One of the primary reasons Australians choose to move is better housing. Who doesn’t enjoy living in a beautiful home that meets your individual taste and needs?
Your first home should meet both your practical and psychological needs and in order to accomplish that, you might need to renovate, buy further afield or perhaps build from scratch.
So, a dilemma arises for the Australian first-time buyer: what option is the best one? Renovating, buying something that’s move-in ready or building?
We’ve outlined the pros and cons associated with each option below to help determine what would work best for you.
To start with, if you choose to get a home that requires improvements, this means that it will be more affordable than a similar home that already looks excellent in the same location. That is to say, if you’re eager to get a house but your budget is limited, this option might be better suited for you.
Moving forward as you invest money in your home by renovating you’ll increase its value. This might not be a priority for every buyer. Still, you should consider this if you want to sell the house in the foreseeable future.
Concurrently, renovating your own home gives you total and complete freedom. In other words, you can make all the specific modifications you want to suit your reno budget and needs. You may do them one step at a time as you gradually build your savings back up, as well – if that would work better for your circumstances.
The downside to renovating your home is all the legwork involved in the process. Although it might not seem like it, renovating can be a tiresome, messy, expensive and a time-consuming experience. So, you have to be prepared for a bit of chaos in your home.
What is more, renovating might slow down the settling in and moving process. Depending on the amount of work you’re having done to the house, a complete overhaul may prevent you from moving in right away.
At the same time, renovations can sometimes include hidden costs that you may not anticipate at first glance. That being said, you should always assess that the approximate figures are likely to go up and be sure to leave some room for contingencies in your budget too.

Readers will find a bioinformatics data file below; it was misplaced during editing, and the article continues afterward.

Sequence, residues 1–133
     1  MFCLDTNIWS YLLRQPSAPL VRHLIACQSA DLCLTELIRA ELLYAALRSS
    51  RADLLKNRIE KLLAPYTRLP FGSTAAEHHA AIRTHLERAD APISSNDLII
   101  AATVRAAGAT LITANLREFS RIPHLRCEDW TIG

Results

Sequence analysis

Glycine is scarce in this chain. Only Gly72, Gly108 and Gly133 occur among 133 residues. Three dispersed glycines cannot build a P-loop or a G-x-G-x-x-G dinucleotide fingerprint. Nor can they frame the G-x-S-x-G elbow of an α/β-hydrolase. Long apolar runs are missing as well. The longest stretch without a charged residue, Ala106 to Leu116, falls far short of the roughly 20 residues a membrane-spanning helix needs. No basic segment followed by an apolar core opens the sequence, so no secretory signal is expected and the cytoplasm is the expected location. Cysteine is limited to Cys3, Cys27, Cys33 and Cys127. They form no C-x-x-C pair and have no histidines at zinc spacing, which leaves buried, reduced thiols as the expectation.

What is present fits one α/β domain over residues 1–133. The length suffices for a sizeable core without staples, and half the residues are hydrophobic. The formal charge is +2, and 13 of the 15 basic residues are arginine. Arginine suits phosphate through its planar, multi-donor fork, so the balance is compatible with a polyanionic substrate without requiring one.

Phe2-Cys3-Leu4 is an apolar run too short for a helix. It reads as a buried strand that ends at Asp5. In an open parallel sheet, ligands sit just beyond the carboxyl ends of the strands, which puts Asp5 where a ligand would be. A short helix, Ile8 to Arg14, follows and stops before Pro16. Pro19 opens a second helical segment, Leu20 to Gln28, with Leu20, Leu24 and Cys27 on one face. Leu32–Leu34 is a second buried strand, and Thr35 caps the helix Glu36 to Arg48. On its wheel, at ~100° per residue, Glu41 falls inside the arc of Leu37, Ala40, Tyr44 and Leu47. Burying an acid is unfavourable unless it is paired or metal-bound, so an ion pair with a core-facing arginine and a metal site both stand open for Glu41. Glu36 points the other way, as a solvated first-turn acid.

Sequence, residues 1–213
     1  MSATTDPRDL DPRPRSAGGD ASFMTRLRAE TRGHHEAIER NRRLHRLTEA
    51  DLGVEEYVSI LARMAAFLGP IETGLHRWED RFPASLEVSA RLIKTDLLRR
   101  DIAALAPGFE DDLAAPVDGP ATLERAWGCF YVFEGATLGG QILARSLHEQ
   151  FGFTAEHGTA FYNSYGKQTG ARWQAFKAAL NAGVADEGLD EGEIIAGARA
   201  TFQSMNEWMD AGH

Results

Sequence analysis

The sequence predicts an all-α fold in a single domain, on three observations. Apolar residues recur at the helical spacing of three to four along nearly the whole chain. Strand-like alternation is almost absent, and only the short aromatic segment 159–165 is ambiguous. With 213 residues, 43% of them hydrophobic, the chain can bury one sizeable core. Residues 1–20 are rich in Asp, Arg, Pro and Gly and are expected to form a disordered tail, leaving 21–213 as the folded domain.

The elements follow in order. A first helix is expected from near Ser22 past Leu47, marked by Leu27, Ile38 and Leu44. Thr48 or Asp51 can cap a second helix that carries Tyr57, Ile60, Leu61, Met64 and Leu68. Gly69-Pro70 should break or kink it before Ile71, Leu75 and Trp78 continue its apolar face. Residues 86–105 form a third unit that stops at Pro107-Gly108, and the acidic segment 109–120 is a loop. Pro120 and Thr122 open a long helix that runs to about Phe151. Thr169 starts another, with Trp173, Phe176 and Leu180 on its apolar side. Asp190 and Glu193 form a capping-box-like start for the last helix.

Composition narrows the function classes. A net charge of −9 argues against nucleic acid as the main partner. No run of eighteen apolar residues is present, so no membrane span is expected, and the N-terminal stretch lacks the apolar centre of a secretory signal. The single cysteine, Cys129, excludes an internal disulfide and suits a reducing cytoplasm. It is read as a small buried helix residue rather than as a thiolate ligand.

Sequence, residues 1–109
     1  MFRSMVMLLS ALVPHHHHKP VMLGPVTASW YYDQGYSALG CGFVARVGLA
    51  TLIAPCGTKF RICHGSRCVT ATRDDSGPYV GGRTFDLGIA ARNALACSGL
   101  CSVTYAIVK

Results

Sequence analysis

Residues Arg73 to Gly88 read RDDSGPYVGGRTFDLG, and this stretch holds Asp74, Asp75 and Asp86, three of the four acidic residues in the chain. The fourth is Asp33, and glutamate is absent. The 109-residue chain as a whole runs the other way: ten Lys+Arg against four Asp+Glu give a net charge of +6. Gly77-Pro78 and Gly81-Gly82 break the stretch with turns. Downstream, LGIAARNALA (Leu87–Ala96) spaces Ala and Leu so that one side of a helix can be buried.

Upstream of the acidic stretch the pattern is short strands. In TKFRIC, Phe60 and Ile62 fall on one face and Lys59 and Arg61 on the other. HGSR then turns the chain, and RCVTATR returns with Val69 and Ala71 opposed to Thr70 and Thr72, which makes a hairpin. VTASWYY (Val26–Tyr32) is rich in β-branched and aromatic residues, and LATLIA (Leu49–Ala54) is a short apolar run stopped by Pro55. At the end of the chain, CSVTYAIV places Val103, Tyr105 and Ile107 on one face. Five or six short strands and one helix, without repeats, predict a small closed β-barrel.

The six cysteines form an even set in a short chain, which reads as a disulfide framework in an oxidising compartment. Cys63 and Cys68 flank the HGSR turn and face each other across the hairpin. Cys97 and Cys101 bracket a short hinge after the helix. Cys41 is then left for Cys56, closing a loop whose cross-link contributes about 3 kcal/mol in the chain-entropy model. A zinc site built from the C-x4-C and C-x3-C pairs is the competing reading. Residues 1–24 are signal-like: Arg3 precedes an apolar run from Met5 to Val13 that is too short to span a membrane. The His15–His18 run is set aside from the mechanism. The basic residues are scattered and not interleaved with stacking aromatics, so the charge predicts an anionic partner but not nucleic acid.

A move-in ready home is the definition of convenience. All you have to do is tell your real estate agent what kind of house you want and where and that’s about it. This way you’ll only have to deal with the exciting stuff tied to moving in.
At the same time, most move-in ready homes are equipped with state-of-the-art technology. Newer builds are often more energy and cost efficient, as they’re better insulated than older properties, and have the latest appliances and heating systems installed. If you want no fuss no muss, move-in ready could be the way to go.
Let’s cut to the chase, the thing with buying a move-in ready home is that it can be on the pricier side. Therefore, this could be restrictive to some first-time buyers.
Of course, when you buy a move-in ready home, as much as you’d like it, it isn’t entirely customised to your specifications, style and taste. That simply means you may have to compromise on some stylistic or practical elements of the property.
Another option worth considering is building a house from scratch. A notable benefit is first home buyers receive a discount on land stamp duty or in some states are even exempt entirely from paying stamp duty (up to a certain purchase value). In some states, first home buyers may even receive a government grant to put towards building a new home (E.g. The First Home Owner Grant is $20k for new homes built in regional Victoria valued up to $750k).
Most importantly, designing a home allows you to add in every finish, design element and layout feature you want. Many buyers choose this option because they cannot find anything on the market that meets their individual needs and preferences exactly.
Did you know that the average Australian household emits five to 10.5 tonnes of energy on a yearly basis? Still, when you build a house from scratch, you can use the newest, most innovative building techniques and materials – meaning you’ll have a more cost-efficient home long term.
Image: XL Built
Some people are unaware that building a home requires a lot of time. Plus, weather can often delay the construction at one point or another, which might further prolong the process.
According to the Australian Housing and Urban Research Institute, building a new home might last up to 7.5 months. The more complex the house design, the longer it will take.
The thing is that many lenders restrict borrowers, requiring them to have the house built within a specific timeframe. If something unexpected comes up and the process is delayed, the borrower must get an extension. Having your application for extension approved can take much more time.
That is not all, getting a construction loan requires much more paperwork, which equals more time and stress. You should also take into consideration the progress fees that apply to construction loans – this depends on the lender, though.
What is more, the cost of building a home isn’t fixed. Of course, a contractor might estimate the total investment cost, but those are just figures. Not to mention that land in Australia tends to be on the expensive side.
Image: XL Built
As you can see, each decision comes with a set of pros and cons – as with all things in life. It’s up to you to analyse your given circumstances and choose what works best for you. Is it a move-in ready home, renovating or building from scratch? You alone can make that decision.